other multipoles in the vicinity of resonance frequency 2.45 GHz for the first structure (Fig. 9). The toroidal dipole is more than five times stronger than other multipoles. Obviously, the shape of electric field (Fig. 7b) is similar to lossless case (Fig. 2b). We observe a hot spot of electric field localized in the center of metamolecule and closed loop of magnetic vortex (Fig. 7b) with lower intensities than for lossless case. However the toroidal contribution is sufficient and experimentally confirmed (Fig. 7a). Moreover, we consider the second structure, which has similar tendency to influence of losses as in the first structure. Indeed, the toroidal transmission peak on Fig. 8a is suppressed. Its intensity is about 0.6. In this case the electric and magnetic fields resemble the Fig. 4b differing only in amplitudes (Fig. 8b). The toroidal dipole moment exceeds other multipoles more than 5 times on the frequency 1.2 GHz (Fig. 10). Scientific Reports | 7: 9468 | DOI:10.1038/s41598-017-07399-y


Figure 8. (a) Experimental results (Red curve) of transmission obtained in anechoic chamber for the second sample (Fig. 1b) of water box with hollow tubes compared with the theoretical results (Black curve), the electric and magnetic fields distribution normilized on incident wave intensity on (b) the toroidal excitation frequency 1.2 GHz.

Figure 9.  Contributions of the five strongest multipoles excited in the metamaterial array of the first sample, depicted on Fig. 1a for the loss case.


Let us discuss the origin of toroidal response in the second structure. It is determined by the coupling between the Mie- magnetic modes arising in the cylinders (holes) placed in the dielectric host. One can reduce this problem to the classical Mie scattering of EM waves by the dielectric cylinders with ε1, embedded in medium with ε2, where ε1  3 mm). We note that Fabry –Perrot resonance is mainly characterized by the electric dipole instead of toroidal dipole moment (Fig. 11b). However, within the transition from R = 0 mm to R = 6 mm the contribution of toroidal moment is become strongest, as depicted on Fig. 11b, which Scientific Reports | 7: 9468 | DOI:10.1038/s41598-017-07399-y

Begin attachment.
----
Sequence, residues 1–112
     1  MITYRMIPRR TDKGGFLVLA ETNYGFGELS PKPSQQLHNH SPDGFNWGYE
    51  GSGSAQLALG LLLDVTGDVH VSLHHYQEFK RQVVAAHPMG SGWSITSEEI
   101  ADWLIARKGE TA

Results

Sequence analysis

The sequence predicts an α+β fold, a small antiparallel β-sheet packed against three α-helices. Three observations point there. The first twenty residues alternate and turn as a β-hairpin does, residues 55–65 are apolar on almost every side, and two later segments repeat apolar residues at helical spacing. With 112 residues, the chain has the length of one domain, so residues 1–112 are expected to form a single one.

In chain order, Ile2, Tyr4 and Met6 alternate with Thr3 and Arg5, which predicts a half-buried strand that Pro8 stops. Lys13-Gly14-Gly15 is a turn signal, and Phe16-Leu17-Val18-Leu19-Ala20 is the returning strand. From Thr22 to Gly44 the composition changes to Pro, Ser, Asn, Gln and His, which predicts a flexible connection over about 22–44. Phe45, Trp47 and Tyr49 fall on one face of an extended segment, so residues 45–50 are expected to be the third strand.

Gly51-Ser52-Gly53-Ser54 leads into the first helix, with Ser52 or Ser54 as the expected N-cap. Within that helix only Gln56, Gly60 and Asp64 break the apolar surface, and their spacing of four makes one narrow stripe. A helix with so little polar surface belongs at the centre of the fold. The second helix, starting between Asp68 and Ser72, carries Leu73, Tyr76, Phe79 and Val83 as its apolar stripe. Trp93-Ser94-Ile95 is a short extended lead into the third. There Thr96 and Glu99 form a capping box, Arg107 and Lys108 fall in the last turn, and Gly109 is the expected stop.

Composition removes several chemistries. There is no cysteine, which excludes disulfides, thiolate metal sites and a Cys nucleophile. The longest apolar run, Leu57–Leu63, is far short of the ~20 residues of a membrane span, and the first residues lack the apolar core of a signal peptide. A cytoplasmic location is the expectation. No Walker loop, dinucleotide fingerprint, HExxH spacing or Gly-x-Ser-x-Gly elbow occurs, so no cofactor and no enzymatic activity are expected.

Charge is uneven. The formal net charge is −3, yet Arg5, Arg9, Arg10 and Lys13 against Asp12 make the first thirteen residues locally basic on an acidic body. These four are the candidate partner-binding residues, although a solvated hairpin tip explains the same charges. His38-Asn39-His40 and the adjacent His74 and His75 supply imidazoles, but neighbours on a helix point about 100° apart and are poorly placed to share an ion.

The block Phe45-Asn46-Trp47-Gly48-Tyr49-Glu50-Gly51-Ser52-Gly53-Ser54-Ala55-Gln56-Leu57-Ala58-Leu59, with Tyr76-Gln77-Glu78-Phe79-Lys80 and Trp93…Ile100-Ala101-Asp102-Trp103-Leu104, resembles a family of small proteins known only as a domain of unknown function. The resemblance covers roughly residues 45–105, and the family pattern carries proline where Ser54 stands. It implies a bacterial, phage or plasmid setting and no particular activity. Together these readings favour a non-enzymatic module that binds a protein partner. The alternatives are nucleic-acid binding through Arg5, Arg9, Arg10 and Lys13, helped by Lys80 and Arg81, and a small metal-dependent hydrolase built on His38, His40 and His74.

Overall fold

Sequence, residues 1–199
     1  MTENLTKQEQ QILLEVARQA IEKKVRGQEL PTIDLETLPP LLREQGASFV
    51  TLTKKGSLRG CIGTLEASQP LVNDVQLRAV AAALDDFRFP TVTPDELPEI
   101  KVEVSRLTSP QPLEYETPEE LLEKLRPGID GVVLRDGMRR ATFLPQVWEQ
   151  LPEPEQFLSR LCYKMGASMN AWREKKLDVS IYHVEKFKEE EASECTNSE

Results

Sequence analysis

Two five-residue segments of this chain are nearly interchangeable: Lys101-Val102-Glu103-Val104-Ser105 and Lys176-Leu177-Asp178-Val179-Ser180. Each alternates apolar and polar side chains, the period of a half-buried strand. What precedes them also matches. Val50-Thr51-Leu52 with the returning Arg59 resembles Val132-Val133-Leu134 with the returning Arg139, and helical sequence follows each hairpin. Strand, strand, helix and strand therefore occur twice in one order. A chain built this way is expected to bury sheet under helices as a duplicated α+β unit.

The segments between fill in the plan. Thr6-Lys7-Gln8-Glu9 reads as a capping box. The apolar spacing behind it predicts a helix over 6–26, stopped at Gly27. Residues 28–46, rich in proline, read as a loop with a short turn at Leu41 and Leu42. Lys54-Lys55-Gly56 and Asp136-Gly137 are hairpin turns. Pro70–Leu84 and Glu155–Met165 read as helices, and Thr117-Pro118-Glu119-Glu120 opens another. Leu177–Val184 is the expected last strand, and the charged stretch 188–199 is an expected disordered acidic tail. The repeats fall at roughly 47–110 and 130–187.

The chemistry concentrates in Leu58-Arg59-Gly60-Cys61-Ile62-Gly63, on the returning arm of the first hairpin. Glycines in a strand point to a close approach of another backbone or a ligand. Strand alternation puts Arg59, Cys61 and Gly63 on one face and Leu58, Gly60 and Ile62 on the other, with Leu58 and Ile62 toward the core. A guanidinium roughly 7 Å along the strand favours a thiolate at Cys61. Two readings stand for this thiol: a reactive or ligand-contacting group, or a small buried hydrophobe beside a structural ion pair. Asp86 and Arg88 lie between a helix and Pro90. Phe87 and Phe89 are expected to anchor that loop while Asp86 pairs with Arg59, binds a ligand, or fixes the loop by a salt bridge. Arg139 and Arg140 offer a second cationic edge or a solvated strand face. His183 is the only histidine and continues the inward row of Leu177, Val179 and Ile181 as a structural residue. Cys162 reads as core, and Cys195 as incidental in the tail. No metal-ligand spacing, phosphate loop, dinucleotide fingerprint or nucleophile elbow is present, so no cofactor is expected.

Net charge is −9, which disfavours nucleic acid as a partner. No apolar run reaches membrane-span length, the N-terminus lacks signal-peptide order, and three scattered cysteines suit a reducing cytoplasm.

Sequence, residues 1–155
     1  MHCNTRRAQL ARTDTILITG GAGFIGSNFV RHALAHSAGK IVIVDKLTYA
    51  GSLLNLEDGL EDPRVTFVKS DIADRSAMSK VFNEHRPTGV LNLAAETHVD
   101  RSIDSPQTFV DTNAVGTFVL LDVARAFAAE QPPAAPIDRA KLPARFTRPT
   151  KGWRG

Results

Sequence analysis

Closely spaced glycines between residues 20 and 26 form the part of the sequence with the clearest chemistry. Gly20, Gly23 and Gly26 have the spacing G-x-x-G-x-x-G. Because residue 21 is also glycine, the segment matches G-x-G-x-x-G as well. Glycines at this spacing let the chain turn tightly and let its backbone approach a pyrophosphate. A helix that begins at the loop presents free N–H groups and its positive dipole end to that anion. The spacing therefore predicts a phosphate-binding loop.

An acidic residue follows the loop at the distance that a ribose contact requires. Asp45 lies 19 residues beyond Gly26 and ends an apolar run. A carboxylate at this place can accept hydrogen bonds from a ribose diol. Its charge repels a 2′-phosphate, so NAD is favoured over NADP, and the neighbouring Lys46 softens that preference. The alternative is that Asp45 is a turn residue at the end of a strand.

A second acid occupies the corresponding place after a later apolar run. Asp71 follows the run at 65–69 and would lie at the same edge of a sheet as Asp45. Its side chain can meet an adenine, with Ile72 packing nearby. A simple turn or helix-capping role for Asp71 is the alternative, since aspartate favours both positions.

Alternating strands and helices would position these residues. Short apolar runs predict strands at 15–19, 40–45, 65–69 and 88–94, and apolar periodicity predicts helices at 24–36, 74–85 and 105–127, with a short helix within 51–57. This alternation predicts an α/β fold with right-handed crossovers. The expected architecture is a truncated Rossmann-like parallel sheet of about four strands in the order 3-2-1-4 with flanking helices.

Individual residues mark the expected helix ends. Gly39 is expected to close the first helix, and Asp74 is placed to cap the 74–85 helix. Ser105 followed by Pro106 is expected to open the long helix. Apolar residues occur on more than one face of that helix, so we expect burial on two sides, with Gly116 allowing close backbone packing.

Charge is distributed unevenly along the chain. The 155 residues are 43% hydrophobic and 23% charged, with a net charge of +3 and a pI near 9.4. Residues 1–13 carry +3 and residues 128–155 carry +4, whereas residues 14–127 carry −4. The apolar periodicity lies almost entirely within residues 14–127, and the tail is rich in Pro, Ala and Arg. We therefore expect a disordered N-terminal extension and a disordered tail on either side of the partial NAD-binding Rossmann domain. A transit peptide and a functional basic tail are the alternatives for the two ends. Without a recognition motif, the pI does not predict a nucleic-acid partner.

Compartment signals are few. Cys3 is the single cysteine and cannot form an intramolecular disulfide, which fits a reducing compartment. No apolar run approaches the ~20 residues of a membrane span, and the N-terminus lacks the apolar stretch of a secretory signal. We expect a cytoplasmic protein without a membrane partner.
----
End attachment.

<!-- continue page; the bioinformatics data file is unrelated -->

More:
Figure 10.  Contributions of the five strongest multipoles excited in the metamaterial slab with perforated holes depicted on Fig. 1b for the loss case.

Figure 11. (a) Theoretical results of transmission for the second sample within the holes transition from R = 0 mm to R = 6 mm; (b) Contributions of the five strongest multipoles excited in the metamaterial based on dielectric slab with perforated holes in loss case. is accompanied by growing of the resonant peak marked by a red spot on Fig. 11a. At the same time, the electric dipole intensity is suppressed with R increasing. Thus, the resonance is pronounced on the frequency 1.2 GHz and R = 5 mm, which is manifested by toroidal dipole moment. The performed experiments confirmed the earlier proposed idea about the toroidal dipole excitation in all-dielectric metamaterials. However, we need to give some clarification. Although, water is the cheapest ingredient, it should be noted that it is useful only for laboratory modeling of all-dielectric metamaterials and photonic crystals22. Nevertheless, we would like to discuss the differences between the first and the second samples of our metamaterials. Since the fabrication of dielectric cylinders, discs or spheres6, 7 and even tubes27 for microwave and possibly even for THz range is simple, while this problem is quite complicated in the optical range. One can see that the particles should be identically produced and positioned within metamolecule in micro- and nano-scale6, 7. We note that the toroidal response can be applicable to other all-dielectric metamaterials. For example, the structure based on micro-tubes of LiTaO327 is similar to the clusters of 4 all-dielectric particles18 that will allow observing the toroidal response in the THz range, provided that holes are successfully drilled in cylindrical particles. In addition, the toroidal response can be observed in all-dielectric structures based on many cylinders or ellipsoids19. At the same time, the second structure (Fig. 1b) is more promising due to simpler procedure of sample preparation. We just have to perforate the holes in dielectric slab. It can be possible in THz and even in optics by the FIB (Focused ion beam) method up to nm holes preparation in silicon slab for instance. Accordingly, the

Scientific Reports | 7: 9468 | DOI:10.1038/s41598-017-07399-y